up vote 2 down vote accepted

You need to find the "guiding principles" behind the scope. ax + by = c has an infinite number of solutions, but it's still a bounded equation. It's a matter of finding sufficient test cases where you and the customer are satisfied that ax + by = c is fulfilled. Obviously, you don't need a test for every possible output value. What you need are enough tests to achieve confidence that the software works as it should.

When you put a new condition into the software somewhere, a bifurcation is created (a point where the logic branches off in two different directions). To achieve adequate code coverage, create a test case for each branch in every bifurcation, and tests to cover any remaining edge cases (such as critical number precision boundaries). See here for an example of how this works.

Have the customer agree to a set of test cases that, once fulfilled, will allow you to declare success. Then your scope will be bounded by your test cases.

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can you expand on find the "guiding principles"? I see what you are trying to say, but where would one start when doing that –  povilasp Mar 27 '13 at 7:13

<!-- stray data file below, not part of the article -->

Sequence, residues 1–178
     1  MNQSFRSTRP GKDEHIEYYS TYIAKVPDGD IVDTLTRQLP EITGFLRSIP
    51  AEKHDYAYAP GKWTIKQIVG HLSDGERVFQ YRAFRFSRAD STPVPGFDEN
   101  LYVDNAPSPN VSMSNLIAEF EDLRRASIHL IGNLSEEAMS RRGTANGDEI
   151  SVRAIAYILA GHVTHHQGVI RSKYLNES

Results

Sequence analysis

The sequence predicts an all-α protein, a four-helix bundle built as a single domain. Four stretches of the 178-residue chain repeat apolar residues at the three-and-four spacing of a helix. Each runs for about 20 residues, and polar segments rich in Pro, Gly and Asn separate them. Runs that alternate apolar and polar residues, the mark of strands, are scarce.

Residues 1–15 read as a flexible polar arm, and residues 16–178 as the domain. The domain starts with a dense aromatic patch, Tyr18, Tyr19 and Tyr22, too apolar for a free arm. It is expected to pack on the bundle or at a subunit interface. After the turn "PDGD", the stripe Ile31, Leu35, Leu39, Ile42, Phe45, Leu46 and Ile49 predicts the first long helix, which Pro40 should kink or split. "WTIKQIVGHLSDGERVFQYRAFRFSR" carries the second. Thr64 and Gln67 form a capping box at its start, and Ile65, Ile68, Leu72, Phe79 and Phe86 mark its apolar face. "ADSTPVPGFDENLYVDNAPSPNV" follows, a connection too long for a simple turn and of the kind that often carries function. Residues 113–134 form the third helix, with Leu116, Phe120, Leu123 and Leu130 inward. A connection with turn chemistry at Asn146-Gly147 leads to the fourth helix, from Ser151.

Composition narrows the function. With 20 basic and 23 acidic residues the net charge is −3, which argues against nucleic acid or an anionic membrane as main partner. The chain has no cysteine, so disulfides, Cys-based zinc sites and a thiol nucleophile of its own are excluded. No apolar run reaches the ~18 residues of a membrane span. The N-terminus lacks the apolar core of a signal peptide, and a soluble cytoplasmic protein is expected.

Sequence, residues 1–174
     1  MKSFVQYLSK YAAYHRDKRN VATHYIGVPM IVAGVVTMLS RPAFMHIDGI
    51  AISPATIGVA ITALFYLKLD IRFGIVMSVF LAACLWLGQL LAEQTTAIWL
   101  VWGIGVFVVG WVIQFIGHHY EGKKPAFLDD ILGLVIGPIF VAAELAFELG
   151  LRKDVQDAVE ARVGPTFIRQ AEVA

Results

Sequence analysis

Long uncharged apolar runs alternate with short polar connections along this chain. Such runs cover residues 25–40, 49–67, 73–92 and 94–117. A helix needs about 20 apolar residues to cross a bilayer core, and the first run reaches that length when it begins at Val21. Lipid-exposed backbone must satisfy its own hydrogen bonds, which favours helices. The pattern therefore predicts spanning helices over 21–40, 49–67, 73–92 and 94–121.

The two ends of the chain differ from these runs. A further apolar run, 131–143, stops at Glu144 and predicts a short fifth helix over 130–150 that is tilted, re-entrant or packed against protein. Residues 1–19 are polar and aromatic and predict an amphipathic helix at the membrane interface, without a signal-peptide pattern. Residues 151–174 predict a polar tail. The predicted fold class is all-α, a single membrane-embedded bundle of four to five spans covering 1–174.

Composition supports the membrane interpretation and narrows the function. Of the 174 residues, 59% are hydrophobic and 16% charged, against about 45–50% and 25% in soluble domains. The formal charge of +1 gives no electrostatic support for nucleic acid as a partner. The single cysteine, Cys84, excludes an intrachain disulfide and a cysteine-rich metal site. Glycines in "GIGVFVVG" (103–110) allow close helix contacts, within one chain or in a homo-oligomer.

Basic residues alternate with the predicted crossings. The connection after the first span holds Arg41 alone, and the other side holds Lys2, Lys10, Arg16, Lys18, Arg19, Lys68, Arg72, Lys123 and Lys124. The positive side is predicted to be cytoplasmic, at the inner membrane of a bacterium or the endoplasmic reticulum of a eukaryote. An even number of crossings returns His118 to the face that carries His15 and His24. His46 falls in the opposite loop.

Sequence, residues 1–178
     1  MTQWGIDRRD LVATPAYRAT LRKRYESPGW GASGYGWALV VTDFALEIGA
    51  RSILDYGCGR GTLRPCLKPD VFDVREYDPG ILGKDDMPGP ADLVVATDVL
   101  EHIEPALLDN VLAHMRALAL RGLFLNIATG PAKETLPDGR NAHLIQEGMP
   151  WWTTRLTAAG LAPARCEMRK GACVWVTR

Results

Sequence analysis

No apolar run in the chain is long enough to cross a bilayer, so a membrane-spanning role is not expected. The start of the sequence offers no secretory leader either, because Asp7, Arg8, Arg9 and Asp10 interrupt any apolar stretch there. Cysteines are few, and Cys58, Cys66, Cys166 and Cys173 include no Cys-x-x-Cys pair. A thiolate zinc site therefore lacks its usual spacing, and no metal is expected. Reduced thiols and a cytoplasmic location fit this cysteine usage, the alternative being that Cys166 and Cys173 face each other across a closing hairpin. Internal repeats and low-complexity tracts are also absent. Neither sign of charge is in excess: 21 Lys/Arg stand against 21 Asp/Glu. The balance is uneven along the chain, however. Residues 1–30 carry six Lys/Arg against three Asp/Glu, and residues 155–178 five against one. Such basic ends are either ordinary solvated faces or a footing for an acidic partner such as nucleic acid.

See my edit for further clarification. –  Robert Harvey Mar 27 '13 at 15:05
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These two points

new features and bugfixes are shipped every month

and

I would like to know what is the most viable way to stabilize and finish the scope

are in conflict. If there are new features every month, there are new requirements every months, someone seems to be in need of that features, someone else is programming them and that is new software - which will typically contain some bugs at the beginning and will get better by time through tests and user feedback. Moreover, there is no "end" of this process, it is "living software" where changes seem to be part of the normal process.

It would be really helpful if you had lost some word how the current development of that "scope" looks like, is there one dev, a team, are there many people requesting new features etc.?

Best advice I can give you is to try separarating the parts where the requirements are stable from the parts with the unstable requirements. The parts where the requirements are stable should be made bullet-proof and well tested by automated regression tests. Those parts can be somewhat "finished".

The other parts - well I don't know who is defining that dynamic formula part, but assumed that is the part which changes every month. It is important to give the ones who are defining those formulas immediate feedback if they have done it right. Perhaps you have to provide some kind of "interactive testing environment" for those people, so they can try out the formulas before bringing them into the real system.

For example, think of a spreadsheet software like MS Excel - the program itself is a (more or less) stable software, (hopefully) well tested, where you don't get new versions every month. It can be used as platform for formulas and reports, and the user of those formulas and reports can enter those formulas by himself, test them, gets immediate feedback and change those things 10 times a day if he likes. If you can create a comparable "separation of concerns" in you "scope" (whatever that means), then you will be a big step further.